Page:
The Camanche Tornado of 1860
Clinton County, Iowa
On June 3, 1860, the town of Camanche, Iowa, was settling into a typical Sunday evening. Residents were unaware that a severe storm had begun in western Iowa and was on its way to wreak havoc in Clinton County. In a matter of four minutes, a tornado formed near the Mississippi banks, flattening more than 200 homes and businesses. In addition to hundreds of thousands of dollars of damage, the tornado claimed as many as 50 lives in Camanche alone and left over 119 injured. Others died later from their injuries.
News of the devastation spread nationwide, attracting aid in the form of people and donations. An artist from Harper’s in New York City was dispatched to create drawings of the damage that were published in Frank Leslie’s Illustrated Newspaper.
While many historical accounts of the tornado focus on the outpouring from surrounding communities, many also personify the tornado, insinuating the storm was selective in its path of destruction. An article from 1979 in the Quad City Times tells of rapids pilot, Wes Rambo, who was on the shore of the Mississippi when the tornado hit. Jim Arpy writes, “He saw two thirds of the bottom of the river swept clear as the floor before a tidal wave swept back, lifting everything, including the log raft. The body of the horse the terrified raftsmen had seen was found later on the Illinois side of the river. It had been in a Camanche pasture.”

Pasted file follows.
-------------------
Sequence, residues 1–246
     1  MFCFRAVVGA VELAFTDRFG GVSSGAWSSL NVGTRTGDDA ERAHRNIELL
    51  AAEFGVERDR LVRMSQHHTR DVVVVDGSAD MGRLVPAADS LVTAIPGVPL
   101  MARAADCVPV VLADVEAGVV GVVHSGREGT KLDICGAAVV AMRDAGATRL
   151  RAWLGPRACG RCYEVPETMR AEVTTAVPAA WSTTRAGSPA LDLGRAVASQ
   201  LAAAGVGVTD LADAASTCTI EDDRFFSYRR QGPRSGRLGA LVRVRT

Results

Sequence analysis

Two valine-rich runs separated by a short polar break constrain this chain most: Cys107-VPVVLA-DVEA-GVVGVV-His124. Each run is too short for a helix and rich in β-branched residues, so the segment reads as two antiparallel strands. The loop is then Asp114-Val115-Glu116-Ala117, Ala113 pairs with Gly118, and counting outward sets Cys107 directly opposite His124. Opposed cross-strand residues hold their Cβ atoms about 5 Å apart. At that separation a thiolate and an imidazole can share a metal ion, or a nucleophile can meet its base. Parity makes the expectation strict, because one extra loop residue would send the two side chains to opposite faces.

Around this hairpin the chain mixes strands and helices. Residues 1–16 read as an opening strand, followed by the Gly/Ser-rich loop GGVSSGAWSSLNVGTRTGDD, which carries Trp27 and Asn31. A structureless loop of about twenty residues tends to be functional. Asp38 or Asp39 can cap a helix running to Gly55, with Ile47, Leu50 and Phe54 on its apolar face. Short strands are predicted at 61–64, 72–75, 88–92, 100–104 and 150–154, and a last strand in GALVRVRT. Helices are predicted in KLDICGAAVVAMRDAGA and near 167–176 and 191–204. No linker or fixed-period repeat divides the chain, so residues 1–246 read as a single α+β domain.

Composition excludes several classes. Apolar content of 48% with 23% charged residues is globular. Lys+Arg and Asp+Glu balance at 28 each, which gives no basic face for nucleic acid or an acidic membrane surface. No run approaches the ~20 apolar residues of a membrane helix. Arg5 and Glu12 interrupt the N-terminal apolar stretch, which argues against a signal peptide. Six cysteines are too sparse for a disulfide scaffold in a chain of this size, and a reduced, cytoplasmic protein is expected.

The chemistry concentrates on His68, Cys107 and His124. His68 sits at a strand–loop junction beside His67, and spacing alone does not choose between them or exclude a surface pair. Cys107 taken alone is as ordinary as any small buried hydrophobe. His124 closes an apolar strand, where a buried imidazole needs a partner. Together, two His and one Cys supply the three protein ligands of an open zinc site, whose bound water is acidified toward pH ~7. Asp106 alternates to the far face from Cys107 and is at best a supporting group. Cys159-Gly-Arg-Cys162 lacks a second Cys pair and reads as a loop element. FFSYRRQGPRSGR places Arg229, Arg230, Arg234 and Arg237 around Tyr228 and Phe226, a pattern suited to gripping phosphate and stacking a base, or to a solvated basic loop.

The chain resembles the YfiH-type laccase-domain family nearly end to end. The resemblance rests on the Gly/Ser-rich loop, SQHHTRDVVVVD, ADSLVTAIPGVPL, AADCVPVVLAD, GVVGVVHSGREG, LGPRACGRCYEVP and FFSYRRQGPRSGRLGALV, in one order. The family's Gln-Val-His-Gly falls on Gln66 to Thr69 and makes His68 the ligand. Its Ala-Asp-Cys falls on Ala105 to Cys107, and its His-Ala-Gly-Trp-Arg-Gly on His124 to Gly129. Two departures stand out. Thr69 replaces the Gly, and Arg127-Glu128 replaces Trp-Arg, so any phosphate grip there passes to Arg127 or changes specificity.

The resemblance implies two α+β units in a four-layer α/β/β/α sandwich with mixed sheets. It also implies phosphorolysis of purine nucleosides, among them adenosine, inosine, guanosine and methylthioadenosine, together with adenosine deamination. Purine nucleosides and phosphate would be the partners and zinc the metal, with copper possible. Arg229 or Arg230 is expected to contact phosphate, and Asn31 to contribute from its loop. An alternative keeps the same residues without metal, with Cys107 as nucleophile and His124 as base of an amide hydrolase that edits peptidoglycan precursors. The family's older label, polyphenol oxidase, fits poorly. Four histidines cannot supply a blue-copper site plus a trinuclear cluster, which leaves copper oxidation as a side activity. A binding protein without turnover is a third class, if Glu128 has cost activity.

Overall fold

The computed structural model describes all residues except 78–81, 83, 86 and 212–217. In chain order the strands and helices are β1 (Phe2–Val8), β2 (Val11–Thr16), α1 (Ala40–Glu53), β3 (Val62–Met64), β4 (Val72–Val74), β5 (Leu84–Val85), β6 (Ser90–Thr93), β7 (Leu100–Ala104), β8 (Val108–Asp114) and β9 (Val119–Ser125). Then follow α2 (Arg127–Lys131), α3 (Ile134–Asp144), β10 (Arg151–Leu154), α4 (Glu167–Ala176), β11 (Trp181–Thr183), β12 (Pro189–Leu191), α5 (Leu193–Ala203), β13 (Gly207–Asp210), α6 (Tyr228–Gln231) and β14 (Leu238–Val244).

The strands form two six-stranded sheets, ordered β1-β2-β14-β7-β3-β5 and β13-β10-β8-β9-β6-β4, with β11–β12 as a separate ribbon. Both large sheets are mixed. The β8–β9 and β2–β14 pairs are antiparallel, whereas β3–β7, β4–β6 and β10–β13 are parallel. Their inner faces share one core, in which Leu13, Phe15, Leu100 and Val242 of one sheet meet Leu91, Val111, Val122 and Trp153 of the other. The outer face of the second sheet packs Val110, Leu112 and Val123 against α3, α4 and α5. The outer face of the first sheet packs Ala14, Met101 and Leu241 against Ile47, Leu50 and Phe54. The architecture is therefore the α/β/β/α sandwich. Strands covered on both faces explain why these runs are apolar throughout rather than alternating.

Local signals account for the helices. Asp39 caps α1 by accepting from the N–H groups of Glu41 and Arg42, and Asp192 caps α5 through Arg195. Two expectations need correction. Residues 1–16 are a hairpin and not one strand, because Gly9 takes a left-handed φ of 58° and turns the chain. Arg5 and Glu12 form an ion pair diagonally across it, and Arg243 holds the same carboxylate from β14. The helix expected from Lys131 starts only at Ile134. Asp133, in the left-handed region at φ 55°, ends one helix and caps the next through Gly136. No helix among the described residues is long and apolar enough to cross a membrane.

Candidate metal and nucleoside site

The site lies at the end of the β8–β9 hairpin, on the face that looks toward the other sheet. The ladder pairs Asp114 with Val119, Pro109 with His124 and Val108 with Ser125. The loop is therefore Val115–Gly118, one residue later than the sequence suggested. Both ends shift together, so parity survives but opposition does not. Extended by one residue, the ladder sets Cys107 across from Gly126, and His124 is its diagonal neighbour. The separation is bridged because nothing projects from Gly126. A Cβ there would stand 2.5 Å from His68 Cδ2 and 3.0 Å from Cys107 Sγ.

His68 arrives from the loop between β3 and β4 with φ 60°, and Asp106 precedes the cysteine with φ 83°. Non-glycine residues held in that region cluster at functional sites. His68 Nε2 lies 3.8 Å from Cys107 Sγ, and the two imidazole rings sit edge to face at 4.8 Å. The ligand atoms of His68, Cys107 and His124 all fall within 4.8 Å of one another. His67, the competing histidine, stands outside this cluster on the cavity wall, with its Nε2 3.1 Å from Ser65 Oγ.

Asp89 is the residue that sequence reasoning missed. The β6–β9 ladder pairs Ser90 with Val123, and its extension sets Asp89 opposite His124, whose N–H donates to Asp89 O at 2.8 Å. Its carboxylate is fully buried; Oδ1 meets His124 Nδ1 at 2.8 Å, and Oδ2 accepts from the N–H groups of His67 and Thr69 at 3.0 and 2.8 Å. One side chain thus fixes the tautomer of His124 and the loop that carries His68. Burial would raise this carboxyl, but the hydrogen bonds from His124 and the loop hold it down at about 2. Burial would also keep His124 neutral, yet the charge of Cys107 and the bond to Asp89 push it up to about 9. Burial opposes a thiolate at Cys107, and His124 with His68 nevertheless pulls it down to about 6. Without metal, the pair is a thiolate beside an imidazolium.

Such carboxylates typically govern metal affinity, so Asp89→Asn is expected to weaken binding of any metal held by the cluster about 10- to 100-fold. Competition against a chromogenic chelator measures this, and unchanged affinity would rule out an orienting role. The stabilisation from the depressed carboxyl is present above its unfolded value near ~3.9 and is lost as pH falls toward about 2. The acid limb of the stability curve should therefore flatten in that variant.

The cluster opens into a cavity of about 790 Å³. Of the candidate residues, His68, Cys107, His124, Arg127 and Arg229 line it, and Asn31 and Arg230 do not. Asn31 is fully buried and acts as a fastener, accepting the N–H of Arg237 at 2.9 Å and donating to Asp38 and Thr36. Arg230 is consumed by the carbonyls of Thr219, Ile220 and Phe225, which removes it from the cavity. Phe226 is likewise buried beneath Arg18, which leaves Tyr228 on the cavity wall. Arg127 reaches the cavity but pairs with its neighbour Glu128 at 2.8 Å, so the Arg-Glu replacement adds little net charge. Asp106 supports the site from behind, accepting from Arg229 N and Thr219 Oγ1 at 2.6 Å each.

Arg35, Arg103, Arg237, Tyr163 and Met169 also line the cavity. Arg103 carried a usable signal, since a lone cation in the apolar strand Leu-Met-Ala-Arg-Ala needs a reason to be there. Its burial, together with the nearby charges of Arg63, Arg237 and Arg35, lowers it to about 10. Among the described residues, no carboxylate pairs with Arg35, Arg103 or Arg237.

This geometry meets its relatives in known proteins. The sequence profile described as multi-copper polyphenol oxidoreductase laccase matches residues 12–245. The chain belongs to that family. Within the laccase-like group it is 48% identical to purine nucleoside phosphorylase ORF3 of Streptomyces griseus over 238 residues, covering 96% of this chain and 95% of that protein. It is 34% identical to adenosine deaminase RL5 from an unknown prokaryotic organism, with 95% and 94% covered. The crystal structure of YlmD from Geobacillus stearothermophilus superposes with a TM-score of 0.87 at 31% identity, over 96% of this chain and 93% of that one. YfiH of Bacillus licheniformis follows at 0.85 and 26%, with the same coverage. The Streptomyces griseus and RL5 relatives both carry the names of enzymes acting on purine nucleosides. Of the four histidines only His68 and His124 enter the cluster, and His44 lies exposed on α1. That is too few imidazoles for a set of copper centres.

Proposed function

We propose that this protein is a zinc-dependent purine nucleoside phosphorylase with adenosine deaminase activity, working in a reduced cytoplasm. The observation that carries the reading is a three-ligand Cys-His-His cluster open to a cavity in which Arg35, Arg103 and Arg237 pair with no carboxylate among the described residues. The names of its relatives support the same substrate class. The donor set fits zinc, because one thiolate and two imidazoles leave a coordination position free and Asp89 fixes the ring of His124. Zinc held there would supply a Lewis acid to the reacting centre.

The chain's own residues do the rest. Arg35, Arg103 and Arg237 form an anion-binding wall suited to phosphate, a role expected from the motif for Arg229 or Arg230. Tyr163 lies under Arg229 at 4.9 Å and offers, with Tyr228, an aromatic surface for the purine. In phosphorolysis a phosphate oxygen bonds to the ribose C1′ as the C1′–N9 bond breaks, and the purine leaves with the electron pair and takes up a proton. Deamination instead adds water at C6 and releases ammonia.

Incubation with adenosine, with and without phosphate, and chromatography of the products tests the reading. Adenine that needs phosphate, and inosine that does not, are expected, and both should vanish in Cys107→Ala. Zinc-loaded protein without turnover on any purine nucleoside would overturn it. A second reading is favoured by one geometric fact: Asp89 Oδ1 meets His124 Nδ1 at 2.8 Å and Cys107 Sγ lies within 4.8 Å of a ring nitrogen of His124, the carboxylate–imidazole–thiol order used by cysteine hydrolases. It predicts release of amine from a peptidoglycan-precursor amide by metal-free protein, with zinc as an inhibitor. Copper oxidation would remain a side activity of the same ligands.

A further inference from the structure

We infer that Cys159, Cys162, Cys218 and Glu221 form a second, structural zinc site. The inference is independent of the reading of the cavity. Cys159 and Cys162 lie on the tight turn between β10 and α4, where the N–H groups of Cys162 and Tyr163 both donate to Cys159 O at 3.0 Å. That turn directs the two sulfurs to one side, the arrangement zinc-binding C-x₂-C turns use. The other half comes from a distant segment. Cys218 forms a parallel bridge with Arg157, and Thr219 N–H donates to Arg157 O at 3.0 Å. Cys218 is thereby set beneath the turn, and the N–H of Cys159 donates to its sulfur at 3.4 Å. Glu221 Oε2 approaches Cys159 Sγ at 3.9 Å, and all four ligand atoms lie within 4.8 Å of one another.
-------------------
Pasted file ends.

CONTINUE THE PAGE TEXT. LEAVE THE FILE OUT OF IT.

There were further accounts of the tornado sparing the lives of children, carrying baby buggies for more than a block and setting them down unharmed. The same article recalls a 16-year-old named Emma Dammann who was rescued from a pile of debris, where she was found with only her foot exposed. While she sustained knee injuries and lost teeth, but lived, her neighbor died of her injuries.
One of the most resonant images captured by artists was of 29 coffins in a row in front of the town bank. The mass funeral was attended by over 2,000 people from neighboring counties and the nation. As a result of over $2,000 in donations, the town of Camanche focused on rebuilding and continues to memorialize those lost.